The invention will be more apparent with the aid of the following figures:
According to the detection needs, said sensor assembly 3 may also form part of a portable device or may be mounted on walls, crossing-gates or the like.
Then, the environmental interference signals and those induced by the presence of forbidden substances are sent through an outlet block 8 to a receiver Rx.
All of the sensor assembly 3 is shielded at the laterals and bottom thereof by means of copper or aluminum sheets at least 0.5 mm thick. Top electric shielding is carried out as usual, that is to say, by means of a thin layer of non-ferromagnetic material, such as copper or aluminum. Metallized plastic may also be used, which material is commonly known as “antistatic”, the most adequate according to this invention being that which is built with metallized epoxy resins and may form part of the by-passer's path itself. Metal thickness should not be higher than what is known as “skin depth” (J. D. Jackson, “Electrodinámica Clásica”, Editorial Alambra, Madrid, Buenos Aires, Mexico, 1966), in order to avoid an excessive attenuation of the magnetic field both regarding excitation and detection, and for it to provide at the same time shielding against electric fields. Top shielding is placed between antenna L1, L2 and the object to be detected, in a position adequate for the generation of eddy currents, which effect is that of reducing the quality factor Q. In order to obtain this effect adequate geometry cuts are done (forming bars, circles, etc.) on the shielding metallic film. Antennas L1 and L2 may also be constructed in an “auto-shield” geometry which may be, for example, biplanar (see D. Tomasi, E. C. Caparelli, H. Panepucci and B. Foerster, “Fast optimization of a Biplanar Gradient Coil Set”, Journal of Magnetic Resonance, 140 325 (1999); E. C. Caparelli, D. Tomasi and H. Panepucci, “Shielded biplanar Gradient Coil Design”, Journal of Magnetic Resonance Imaging, 9, 725 (1999)).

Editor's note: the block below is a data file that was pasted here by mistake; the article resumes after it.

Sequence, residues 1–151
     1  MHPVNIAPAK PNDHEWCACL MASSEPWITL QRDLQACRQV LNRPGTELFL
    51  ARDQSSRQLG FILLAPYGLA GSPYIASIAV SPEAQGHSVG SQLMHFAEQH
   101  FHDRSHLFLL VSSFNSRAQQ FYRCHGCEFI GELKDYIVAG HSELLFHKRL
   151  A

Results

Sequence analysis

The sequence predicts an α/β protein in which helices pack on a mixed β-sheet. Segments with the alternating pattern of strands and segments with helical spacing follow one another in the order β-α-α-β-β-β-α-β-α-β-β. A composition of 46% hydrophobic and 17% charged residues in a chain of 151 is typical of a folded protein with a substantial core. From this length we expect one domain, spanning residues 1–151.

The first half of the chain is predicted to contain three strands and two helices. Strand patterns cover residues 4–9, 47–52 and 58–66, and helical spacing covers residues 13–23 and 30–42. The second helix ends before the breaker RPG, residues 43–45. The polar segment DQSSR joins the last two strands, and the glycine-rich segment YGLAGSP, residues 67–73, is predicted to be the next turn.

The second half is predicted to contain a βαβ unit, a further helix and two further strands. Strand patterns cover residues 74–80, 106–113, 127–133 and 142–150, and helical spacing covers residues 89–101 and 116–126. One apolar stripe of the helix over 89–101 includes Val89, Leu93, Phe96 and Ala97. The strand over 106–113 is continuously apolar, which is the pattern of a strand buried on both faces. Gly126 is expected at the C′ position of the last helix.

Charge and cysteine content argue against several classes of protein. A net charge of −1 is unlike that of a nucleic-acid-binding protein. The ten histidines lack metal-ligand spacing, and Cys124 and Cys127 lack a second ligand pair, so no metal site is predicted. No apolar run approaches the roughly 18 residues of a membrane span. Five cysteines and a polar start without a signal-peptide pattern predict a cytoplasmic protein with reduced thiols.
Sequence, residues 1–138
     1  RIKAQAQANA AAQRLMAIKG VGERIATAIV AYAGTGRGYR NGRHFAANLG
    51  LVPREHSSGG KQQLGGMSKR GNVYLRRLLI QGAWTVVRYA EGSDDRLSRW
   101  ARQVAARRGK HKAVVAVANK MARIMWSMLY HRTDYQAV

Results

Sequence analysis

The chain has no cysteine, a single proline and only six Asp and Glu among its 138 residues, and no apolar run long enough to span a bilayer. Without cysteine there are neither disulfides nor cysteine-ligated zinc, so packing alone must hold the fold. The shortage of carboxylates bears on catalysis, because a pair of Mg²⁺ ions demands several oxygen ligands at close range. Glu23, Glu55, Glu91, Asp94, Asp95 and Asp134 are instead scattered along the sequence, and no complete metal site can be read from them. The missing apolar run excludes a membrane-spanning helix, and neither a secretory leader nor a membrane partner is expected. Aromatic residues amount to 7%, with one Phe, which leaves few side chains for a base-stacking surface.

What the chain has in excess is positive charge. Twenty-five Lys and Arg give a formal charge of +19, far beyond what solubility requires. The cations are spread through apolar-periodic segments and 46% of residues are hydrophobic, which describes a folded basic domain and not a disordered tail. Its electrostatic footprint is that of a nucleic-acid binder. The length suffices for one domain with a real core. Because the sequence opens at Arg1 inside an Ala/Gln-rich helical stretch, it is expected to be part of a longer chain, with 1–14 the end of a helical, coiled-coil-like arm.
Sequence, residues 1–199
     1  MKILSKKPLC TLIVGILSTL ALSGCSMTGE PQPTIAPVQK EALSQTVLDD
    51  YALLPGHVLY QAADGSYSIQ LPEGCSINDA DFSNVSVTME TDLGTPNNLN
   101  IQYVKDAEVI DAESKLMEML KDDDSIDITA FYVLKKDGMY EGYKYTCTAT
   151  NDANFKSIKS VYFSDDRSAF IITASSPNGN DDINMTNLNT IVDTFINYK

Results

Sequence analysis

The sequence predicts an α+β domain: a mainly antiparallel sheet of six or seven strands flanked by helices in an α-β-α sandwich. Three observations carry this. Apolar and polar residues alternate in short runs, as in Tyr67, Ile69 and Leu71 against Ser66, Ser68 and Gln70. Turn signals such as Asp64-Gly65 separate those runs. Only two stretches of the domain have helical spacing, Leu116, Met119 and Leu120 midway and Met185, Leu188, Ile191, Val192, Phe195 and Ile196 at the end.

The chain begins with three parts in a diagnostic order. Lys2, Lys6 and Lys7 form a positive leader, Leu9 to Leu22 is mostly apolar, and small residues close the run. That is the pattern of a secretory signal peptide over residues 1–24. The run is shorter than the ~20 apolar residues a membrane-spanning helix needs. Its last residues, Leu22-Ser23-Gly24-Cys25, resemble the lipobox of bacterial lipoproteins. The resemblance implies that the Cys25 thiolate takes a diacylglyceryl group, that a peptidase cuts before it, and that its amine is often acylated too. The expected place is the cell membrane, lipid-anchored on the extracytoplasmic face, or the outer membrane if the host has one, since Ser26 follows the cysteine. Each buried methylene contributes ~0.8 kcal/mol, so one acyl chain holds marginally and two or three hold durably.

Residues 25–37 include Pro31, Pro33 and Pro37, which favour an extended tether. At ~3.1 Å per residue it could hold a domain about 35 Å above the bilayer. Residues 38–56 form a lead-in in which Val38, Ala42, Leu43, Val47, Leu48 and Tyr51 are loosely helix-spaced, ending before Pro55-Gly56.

Electric operation of sensor assembly 3 is as follows: radiofrequency (RF) pulses generated by the excitation elements included in transmitter Tx are sent to a switch, preferably a Transmitter/Receiver switch Tx/Rx (Tx/Rx switch). Said Tx/Rx switch is conformed by sets of cross diodes pairs 10, 11 and 11′ and a quarter-wave line (λ4) 12. The function of said Tx/Rx switch is to isolate transmitter Tx from the sensor assembly 3 when the first does not actuate, preventing the passage of environmental interference or noise from transmitter Tx, to receiver Rx, during the detection period. Other designs for the Tx/Rx switch are also possible, such as the known circulators composed of fraction waveguides with working wavelength.
Then, radiofrequency pulses are divided at a first 0-180° phase-shifted signal divider/adder 13, reversing the phase of one of them. This is a key procedure regarding the operation of an antenna arrangement which is wounded in the same sense in simultaneous detection processes which are the object of this invention. Radiofrequency pulses which have been already divided enter each tuning circuit and particularly each antenna L1 and L2. In this way, both antennas L1 and L2 emit radiofrequency RF pulses in phase opposition in a frequency which approaches that of the nuclear quadrupolar resonance (NQR) of the forbidden substance to be detected. During the detection process there may be induced electromotive forces in each of the antennas L1 and L2 which are the product of the detection of any forbidden substance and environmental interference.